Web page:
Research spotlight: Understanding and correcting bias in RWE studies
Jeremy Rassen, Sc.D.
Co-Founder, President, and Chief Science Officer, Aetion
Real-world evidence (RWE) studies are often criticized for their susceptibility to certain biases which—by design—don’t affect randomized controlled trials (RCTs). It’s important for RWE researchers to understand and correct these biases to continue to advance the field, and to reinforce the fact that high quality RWE can reliably inform decision-making.
Recently, William Murk, Ph.D., M.P.H., Sebastian Schneeweiss, M.D., Sc.D., and I conducted a study that addressed a surprising and likely incorrect finding in a previously published RWE analysis. Our work was published in Diabetes, Obesity, and Metabolism.
We initiated the study after reading two recent electronic health record (EHR) analyses published in the Journal of the American Medical Association (JAMA) that reported a 40 to 50 percent reduction in major adverse cardiovascular events (MACE) as soon as one month after bariatric surgery among patients with obesity and type 2 diabetes mellitus. Given the large effect size and the substantial difference between these results and those from recent RCTs, we sought to reproduce and refine one of these studies—Aminian et al.—to understand whether bias could have played a role in the findings.
We sought to address two major sources of potential bias in the Aminian study, which combined could have led to the surprising result: the use of a nonsurgical control group, and introduction of immortal time bias.
Below I address how we refined the original study, and what key methodological and study design factors real-world data (RWD) researchers must consider to support the generation of credible RWE.
Study design considerations
The Aminian paper compared surgical patients to nonsurgical patients. Choosing who gets surgery and who doesn’t is complicated; for example, some of the most severely ill patients may not receive surgery because they may be deemed unable to survive a surgical procedure. This choice of whether someone gets surgery requires care teams to make many clinical decisions, which may not be well documented in a patient’s EHR.
In addition, those who get surgery are closely monitored post-op, meaning that as we look at medical records, we’re more likely to see evidence of an outcome occurring than with nonsurgical patients. Therefore, there would be a differential amount and quality of information collected about nonsurgical patients and surgical patients.
To address this in our study, we substituted a surgical comparator group. Rather than compare to nonsurgical patients, we chose patients who received hip or knee replacements as our control—a surgical procedure, but not one that has an obvious connection to MACE. We chose Optum EHR data as our data source because it provides a longitudinal view of the patient before, during, and after the admission during which the surgery took place.
We also addressed immortal time bias—a key problem with the original study—to build an optimal RWE design. The original study looked into the future and excluded any control patient who died within 30 days from the start of the study—doing this gave an “advantage” to that group by excluding some of the sickest patients with known negative outcomes.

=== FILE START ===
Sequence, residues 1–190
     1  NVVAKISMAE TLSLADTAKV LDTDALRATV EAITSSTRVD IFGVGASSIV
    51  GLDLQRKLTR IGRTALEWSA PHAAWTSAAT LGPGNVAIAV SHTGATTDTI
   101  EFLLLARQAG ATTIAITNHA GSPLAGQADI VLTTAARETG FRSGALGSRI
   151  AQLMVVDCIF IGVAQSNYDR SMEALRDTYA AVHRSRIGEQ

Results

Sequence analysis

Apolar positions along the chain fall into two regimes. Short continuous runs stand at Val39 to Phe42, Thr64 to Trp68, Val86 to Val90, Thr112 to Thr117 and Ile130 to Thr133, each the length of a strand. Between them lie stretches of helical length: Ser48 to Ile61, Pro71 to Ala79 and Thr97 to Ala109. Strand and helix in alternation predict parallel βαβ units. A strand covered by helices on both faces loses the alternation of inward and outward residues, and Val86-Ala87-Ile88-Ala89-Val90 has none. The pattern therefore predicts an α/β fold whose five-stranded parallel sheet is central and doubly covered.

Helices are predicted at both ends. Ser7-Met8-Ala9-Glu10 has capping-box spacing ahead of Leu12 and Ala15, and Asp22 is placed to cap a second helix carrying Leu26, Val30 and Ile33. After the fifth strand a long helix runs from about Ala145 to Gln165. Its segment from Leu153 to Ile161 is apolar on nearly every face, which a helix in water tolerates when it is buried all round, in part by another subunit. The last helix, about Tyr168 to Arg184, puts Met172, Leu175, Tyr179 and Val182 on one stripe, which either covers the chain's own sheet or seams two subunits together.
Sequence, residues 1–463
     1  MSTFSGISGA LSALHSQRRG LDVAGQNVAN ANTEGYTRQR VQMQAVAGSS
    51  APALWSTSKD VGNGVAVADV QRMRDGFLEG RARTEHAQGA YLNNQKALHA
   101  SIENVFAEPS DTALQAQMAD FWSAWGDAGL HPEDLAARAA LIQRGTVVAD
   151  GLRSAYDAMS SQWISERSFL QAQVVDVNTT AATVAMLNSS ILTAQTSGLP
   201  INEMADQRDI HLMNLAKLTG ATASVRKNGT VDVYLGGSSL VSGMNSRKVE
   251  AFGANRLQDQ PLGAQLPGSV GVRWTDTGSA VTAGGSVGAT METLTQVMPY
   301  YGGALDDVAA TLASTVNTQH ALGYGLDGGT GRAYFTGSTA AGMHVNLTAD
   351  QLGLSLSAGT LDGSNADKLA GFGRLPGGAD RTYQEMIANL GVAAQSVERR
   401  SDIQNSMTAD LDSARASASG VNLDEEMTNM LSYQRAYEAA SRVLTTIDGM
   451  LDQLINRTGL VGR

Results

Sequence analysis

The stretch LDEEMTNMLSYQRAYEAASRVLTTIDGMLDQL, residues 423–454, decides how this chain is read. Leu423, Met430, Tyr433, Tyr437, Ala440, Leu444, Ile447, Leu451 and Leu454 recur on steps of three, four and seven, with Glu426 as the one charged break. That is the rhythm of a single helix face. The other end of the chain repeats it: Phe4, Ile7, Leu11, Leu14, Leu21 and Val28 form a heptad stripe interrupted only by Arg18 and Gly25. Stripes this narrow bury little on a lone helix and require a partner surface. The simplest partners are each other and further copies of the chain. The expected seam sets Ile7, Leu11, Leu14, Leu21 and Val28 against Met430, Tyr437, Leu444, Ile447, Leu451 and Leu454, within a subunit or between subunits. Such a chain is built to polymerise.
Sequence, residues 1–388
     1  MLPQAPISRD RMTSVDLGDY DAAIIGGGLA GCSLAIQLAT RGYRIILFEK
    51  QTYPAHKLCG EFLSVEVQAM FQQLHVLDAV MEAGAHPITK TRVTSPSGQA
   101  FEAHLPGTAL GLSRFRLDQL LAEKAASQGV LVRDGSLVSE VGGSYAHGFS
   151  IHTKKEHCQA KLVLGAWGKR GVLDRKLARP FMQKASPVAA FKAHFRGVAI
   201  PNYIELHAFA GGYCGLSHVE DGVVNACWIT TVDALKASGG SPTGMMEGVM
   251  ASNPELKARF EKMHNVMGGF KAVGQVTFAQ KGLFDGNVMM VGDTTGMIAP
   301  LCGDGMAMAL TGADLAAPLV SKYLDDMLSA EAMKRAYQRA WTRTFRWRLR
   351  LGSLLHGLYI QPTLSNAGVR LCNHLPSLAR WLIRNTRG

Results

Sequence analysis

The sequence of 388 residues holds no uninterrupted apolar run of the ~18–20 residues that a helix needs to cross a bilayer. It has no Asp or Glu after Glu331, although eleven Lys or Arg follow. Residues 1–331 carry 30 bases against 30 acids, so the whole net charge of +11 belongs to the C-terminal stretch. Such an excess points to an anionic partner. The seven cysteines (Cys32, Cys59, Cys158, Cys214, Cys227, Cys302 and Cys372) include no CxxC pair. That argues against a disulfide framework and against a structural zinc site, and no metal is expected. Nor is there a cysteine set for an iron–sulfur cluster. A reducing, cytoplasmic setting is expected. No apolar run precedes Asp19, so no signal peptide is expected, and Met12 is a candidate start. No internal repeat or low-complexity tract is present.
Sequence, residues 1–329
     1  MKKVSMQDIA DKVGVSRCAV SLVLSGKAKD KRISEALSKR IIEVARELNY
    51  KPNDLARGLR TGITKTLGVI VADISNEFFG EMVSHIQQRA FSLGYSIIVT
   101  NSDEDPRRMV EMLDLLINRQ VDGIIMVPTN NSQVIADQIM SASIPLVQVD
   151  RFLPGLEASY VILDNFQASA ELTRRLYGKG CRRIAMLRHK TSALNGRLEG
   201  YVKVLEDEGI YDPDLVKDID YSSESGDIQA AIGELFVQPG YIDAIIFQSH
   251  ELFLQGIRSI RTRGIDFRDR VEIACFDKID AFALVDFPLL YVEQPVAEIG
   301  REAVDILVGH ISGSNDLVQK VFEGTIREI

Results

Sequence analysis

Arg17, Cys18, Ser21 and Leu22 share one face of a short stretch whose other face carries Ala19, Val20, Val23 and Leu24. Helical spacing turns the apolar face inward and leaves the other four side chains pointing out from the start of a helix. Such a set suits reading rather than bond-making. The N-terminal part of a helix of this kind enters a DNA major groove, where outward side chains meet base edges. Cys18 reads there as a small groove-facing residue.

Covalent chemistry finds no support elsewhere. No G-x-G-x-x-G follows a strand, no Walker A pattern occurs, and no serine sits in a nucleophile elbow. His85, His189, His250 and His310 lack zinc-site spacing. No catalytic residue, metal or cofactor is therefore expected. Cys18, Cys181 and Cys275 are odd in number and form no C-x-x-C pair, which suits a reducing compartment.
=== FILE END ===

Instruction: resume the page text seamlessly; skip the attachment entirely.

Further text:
Along the way, we also improved upon the original study’s confounding adjustment strategy by measuring and adjusting for additional confounders, and by using high-dimensional propensity scores, an automated confounding adjustment technique.
With a firm design in place, in our analysis we matched patients on a range of criteria including age, sex, body mass index, socioeconomic factors, smoking status, and history of cardiovascular events. We then adjusted with propensity scores to represent a control group who underwent knee or hip surgery.
This study required us to run five analyses, for which we used Aetion Evidence Platform® (AEP). We had to work with the source data, perform measurements, and match patients across five different analyses with five different populations. AEP’s rapid-cycle analytics, workflows, and causal inference capabilities greatly reduced the time required for the analyses, and created clear documentation of our methods and results.
Analysis and key findings
Before running our refined analyses, we reproduced the previously published EHR analysis in our system, and reached a similar result to the original authors.
As a part of our study, we adjusted for factors including health service usage intensity as measured in the time just prior to baseline. Quantity of health services used is a good general marker of how sick or well a patient is; the more health services they use, the sicker they’re likely to be. We also added high dimensional propensity scores, which incorporates an artificial intelligence-driven approach to identify possible confounding factors and to augment human-chosen factors.
After this series of refinements, we found that bariatric surgery had no discernible effect on MACE (HR=0.99; 95% CI 0.76-1.30). We did see, however, the importance of careful design and analysis of RWE studies, including the need for a target trial approach and thoughtful control for potential confounding factors.
Implications for future RWE research
Our analysis illustrates that proper study design is critical to controlling bias. It also highlights the key principles we must consider when working with RWD—as these data were created for purposes other than for research.
In the end, our findings more aligned with limited RCT evidence than the original studies. As we continue to advance our understanding of where and how RWE can complement RCTs, this study builds upon findings from the RCT DUPLICATE project and other efforts to understand which kinds of RWE studies are likely to yield results that are meaningful and decision-ready.
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